California “Junk Fee” Legislation Headed to Governor’s Desk
California Assembly Bill 537
On September 12, 2023, the California legislature passed a bill that would add a section to California’s Business and Professions Code focused on rate advertising for short-term lodging. If signed into law, it will prohibit short-term lodging providers — including hotel operators, and residential properties rented to a visitor for 30 consecutive days or less — from advertising a room rate that does not include all fees and charges. The bill does not require that government-imposed taxes and fees be included in the advertised price. However, short-term lodging providers must include the total price to be paid, including government-imposed taxes and fees before the customer reserves their stay.
If passed, the new law will become operative on July 1, 2024. Any violations of the law after that time would expose the noncompliant short-term lodging provider to a potential civil penalty of up to $10,000 for each violation, though the bill does not provide a private right of action.
California Senate Bill 478
Sweeping more broadly, California Senate Bill 478, passed the same day (September 12, 2023), proposes to add to the list of prohibited unfair and deceptive acts under the CLRA, “advertising, displaying, or offering a price for a good or service that does not include all mandatory fees or charges” other than government-imposed taxes or fees and certain postage or carriage charges. If passed, this law will implicate not only hotel operators but many other businesses providing goods or services in California. Unlike the narrower Assembly Bill 537, these requirements would be enforceable by a consumer, consistent with other claims under the CLRA.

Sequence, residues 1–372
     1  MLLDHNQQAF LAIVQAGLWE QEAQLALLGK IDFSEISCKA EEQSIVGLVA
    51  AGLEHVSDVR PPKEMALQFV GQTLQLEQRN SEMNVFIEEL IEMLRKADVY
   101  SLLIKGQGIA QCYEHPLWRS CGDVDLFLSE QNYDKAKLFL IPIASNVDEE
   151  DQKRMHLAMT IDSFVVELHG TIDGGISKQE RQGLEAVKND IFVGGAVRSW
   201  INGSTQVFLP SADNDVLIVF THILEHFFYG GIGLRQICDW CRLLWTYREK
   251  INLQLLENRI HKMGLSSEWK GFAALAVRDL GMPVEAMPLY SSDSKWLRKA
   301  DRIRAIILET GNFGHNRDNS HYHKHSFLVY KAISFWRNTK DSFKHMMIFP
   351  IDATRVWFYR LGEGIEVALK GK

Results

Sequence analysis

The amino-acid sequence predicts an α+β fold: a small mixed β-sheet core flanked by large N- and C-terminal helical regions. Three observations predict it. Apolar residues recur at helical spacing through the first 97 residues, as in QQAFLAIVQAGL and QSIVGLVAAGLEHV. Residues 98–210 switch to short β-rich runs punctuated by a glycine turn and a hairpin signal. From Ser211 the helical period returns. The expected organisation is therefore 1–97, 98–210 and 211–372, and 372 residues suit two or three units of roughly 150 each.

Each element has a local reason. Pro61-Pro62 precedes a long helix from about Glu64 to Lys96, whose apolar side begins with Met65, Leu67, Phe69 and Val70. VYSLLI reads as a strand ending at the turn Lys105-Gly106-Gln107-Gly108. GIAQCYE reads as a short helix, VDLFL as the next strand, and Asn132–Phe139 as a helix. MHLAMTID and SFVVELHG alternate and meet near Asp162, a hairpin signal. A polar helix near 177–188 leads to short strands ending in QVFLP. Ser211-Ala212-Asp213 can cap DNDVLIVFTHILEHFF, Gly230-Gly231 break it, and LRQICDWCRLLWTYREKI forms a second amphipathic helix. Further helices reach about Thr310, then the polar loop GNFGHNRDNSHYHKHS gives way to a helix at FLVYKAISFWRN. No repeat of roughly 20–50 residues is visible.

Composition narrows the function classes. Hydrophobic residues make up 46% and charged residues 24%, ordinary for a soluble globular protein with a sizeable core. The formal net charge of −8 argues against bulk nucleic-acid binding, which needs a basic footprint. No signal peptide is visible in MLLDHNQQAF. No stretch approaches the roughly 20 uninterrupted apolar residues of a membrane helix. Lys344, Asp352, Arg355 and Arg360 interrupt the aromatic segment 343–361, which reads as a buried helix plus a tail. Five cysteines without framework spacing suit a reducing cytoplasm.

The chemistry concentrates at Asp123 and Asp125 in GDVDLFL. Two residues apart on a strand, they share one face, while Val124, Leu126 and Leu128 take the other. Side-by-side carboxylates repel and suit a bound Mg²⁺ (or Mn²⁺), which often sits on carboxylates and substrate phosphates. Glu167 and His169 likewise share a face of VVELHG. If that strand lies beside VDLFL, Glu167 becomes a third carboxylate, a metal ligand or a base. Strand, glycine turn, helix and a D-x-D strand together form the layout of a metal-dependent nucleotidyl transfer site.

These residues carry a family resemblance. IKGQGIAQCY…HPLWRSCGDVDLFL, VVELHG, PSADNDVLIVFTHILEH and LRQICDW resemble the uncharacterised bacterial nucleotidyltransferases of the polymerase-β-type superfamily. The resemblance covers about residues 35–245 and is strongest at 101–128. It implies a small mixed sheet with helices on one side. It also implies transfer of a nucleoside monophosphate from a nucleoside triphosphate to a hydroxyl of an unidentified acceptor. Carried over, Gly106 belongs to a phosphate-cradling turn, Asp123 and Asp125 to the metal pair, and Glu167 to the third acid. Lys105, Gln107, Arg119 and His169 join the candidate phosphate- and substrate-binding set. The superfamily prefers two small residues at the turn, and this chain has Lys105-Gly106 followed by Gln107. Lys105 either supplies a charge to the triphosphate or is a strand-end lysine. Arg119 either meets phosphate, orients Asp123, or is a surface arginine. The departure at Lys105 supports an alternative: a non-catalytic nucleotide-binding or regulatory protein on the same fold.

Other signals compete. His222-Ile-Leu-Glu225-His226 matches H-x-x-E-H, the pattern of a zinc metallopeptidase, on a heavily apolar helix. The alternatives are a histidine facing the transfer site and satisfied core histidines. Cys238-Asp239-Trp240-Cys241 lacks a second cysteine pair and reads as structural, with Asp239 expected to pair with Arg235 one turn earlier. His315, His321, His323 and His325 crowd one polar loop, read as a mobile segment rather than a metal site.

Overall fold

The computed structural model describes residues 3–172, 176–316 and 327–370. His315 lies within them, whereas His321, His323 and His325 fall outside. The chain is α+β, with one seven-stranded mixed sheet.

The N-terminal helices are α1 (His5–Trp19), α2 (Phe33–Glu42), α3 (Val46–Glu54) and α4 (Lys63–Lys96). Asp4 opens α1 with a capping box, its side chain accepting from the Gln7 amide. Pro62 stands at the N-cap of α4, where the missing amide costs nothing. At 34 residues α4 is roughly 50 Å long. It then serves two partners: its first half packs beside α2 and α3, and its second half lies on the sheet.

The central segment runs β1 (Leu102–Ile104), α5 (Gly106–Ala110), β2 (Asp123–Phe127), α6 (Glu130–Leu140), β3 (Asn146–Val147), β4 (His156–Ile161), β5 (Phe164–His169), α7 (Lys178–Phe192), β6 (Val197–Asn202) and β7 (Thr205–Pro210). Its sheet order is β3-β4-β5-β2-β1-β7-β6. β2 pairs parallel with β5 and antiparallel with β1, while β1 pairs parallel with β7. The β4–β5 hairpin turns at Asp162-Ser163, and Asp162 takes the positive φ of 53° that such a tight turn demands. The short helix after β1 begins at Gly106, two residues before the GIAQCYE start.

The California legislation is only the latest chapter in an ongoing effort by consumer advocates to require hotel and resort operators, and other businesses, to disclose certain fees in their upfront advertised prices. An August 31, 2023 alert noted the latest consumer class actions faced by hotel operators regarding how they advertise prices, as well as the Biden Administration’s renewed focus on eliminating “junk fees” and increasing upfront pricing disclosures across many industries.
Hotel operators have long been faced with challenges regarding how they advertise room rates. The new California law, if signed, will provide guidelines for operators who want to avoid civil penalties and potential consumer actions, though the precise parameters and applicability of the law to consumers and businesses outside of California remain open questions.
For more information on related issues, visit the firm’s hospitality and advertising pages.